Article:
Enhanced Oil Recovery by CO2 and CO2-foam Injection in Fractured Limestone Rocks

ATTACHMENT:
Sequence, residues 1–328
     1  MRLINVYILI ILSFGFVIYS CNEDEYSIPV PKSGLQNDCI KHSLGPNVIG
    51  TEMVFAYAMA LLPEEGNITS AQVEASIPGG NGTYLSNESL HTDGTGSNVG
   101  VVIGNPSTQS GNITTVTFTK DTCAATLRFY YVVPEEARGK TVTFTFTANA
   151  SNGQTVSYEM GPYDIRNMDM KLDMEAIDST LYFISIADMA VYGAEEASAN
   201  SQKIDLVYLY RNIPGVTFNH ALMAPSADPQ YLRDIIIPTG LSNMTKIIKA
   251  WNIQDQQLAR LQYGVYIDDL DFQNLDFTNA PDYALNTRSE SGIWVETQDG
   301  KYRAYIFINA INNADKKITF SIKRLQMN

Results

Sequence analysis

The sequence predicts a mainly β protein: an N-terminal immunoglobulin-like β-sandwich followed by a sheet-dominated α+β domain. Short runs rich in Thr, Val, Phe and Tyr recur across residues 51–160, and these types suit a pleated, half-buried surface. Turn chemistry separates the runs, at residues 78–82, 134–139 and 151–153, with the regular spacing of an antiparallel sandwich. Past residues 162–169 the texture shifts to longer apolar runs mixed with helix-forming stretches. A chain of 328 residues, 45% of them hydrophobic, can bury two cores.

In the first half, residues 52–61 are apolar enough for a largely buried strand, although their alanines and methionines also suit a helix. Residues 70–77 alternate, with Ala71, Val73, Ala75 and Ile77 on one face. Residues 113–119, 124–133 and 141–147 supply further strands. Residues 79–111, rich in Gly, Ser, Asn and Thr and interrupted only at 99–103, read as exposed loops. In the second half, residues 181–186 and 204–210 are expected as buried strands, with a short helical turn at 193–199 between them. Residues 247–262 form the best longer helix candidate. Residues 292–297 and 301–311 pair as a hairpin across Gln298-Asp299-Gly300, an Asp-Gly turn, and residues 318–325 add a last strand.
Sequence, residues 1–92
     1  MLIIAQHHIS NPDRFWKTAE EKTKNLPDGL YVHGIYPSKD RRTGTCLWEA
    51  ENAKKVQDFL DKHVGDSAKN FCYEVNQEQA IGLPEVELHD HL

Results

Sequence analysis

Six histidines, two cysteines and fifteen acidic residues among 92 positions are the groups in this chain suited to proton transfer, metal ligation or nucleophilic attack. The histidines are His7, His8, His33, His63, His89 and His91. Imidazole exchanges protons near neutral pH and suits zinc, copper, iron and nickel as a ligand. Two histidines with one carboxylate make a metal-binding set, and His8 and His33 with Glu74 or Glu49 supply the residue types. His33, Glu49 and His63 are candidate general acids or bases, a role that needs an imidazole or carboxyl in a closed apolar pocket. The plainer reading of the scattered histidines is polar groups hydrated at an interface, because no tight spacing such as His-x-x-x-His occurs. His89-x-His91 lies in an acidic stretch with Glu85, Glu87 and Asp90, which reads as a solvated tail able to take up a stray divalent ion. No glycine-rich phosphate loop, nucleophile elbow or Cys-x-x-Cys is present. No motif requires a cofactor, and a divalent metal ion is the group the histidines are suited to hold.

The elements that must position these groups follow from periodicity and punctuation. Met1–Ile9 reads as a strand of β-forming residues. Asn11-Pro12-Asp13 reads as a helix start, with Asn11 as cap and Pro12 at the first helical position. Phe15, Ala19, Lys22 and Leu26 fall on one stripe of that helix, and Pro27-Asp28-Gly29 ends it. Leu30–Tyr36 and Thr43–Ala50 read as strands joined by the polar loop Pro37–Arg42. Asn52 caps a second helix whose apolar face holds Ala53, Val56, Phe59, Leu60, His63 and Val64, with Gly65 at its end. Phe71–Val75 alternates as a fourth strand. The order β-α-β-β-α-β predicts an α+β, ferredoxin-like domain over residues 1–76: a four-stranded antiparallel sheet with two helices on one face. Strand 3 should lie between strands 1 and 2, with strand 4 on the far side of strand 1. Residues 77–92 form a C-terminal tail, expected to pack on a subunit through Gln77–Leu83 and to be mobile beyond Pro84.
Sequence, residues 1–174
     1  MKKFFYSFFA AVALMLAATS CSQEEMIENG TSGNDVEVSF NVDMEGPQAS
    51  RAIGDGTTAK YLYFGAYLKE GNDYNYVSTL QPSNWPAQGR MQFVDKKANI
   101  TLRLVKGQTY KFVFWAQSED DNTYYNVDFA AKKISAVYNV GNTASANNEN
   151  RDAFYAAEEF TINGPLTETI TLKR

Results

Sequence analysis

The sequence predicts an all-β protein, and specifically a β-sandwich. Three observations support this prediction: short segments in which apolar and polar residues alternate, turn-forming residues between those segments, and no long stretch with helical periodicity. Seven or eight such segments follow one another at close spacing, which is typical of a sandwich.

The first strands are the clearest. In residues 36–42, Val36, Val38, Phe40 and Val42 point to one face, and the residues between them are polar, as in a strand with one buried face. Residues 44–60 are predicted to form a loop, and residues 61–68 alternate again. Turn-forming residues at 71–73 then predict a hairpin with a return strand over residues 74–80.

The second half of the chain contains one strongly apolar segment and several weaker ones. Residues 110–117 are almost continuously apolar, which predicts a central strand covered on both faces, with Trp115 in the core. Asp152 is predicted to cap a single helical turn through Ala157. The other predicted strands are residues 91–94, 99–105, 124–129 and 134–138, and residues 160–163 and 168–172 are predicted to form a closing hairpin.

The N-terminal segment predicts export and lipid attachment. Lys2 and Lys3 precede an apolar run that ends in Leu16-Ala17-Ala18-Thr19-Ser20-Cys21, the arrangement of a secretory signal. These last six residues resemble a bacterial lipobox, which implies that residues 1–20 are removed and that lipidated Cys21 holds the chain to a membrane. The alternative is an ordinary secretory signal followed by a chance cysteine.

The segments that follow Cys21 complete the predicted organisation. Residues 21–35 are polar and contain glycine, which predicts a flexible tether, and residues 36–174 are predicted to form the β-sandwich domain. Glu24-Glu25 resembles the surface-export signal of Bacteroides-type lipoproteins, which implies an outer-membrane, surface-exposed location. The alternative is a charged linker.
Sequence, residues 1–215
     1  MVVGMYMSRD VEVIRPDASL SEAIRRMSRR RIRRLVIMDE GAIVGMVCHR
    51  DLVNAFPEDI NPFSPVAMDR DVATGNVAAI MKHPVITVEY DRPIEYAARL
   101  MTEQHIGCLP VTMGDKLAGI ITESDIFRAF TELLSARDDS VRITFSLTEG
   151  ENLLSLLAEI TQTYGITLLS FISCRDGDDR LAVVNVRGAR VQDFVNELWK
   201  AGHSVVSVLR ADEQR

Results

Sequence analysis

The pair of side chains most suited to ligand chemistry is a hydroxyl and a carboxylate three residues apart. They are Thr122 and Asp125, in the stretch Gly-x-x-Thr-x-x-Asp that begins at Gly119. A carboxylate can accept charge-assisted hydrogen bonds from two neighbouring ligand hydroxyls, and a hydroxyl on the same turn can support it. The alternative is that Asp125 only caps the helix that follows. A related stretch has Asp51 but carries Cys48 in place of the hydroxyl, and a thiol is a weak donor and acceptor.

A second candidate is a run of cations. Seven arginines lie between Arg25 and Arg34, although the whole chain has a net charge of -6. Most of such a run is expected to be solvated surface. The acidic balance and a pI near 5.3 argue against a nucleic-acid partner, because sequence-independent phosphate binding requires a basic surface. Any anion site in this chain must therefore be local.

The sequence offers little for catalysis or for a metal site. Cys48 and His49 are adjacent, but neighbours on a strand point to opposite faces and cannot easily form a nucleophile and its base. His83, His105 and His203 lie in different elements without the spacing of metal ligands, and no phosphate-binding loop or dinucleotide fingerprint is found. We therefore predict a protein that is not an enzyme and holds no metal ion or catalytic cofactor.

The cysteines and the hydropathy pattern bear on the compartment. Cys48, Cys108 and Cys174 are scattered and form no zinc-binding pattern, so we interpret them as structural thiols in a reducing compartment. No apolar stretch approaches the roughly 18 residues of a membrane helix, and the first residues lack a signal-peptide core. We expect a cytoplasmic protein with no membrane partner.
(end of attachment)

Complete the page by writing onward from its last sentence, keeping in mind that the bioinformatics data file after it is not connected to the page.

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This thesis is part of an ongoing study of integrated enhanced oil recovery methods in Reservoir Physics group at the Department of Physics and Technology at the University of Bergen. This experimental thesis investigates through laboratory tests the miscible, liquid CO2 injection for enhanced oil recovery in an outcrop limestone rock, analogue to carbonate reservoirs. A total of 18 CO2 injection experiments have been performed to study the influence on CO2 EOR from parameters such as presence of fractures, presence of initial water as irreducible water saturation, wettability preference of the matrix, injection of foam for mobility control, and comparing secondary to tertiary recovery. Core plugs were artificially fractured by cutting the cores along the length of the core. A spacer was placed in the fracture to maintain a constant aperture and identical fracture permeability between tests. As a part of the thesis, experimental setups were designed and built to be able to inject CO2 at elevated pressures over 90bars to develop miscibility between CO2 and the oil phase (n-Decane). Results from laboratory tests show that CO2 has a significant recovery potential in whole and fractured limestone core plugs, with total recoveries ranging from 92-100 % OOIP for fully oil saturated cores, and 75-92 % OOIP for cores with irreducible water saturation. The presence of fractures dramatically reduced the rate of oil recovery, where oil recovery was mainly driven by diffusion, with negligible viscous displacement. The presence of water, either as initial irreducible water saturation, or after a waterflood reduces the total oil recovery and reduced the rate of oil recovery. In fractured core plugs, the injection of CO2-foam accelerated oil recovery compared to pure CO2 injection by adding a viscous displacement in addition to diffusion. The oil recovery rate was also increased during a Huff 'n' Puff scenario compared to continuous CO2 injection. Moderately oil-wet cores demonstrate a higher total oil recovery than water-wet cores for both pure CO2 and CO2-foam injection. During CO2-foam injection, differential pressure is higher near the end of production, indicating that oil has a detrimental effect on foam. Numerical simulations have been performed with CMG GEM simulator to study liquid CO2-injection in a fractured system, and the simulations were able to satisfactory reproduce the experimental data. The validated numerical model should be used further for increased understanding, for better depth of analysis, and to reduce time usage compared to advanced, time-consuming experimental work. The results from this thesis show the potential for CCUS in fractured carbonate reservoirs. Even though the oil recovery rate is reduced with fractures, the total oil recovery is still high and diffusion can be an effective recovery mechanism. It is important to note that oil recovery on a reservoir scale will be reduced compared to oil recovery on core plugs.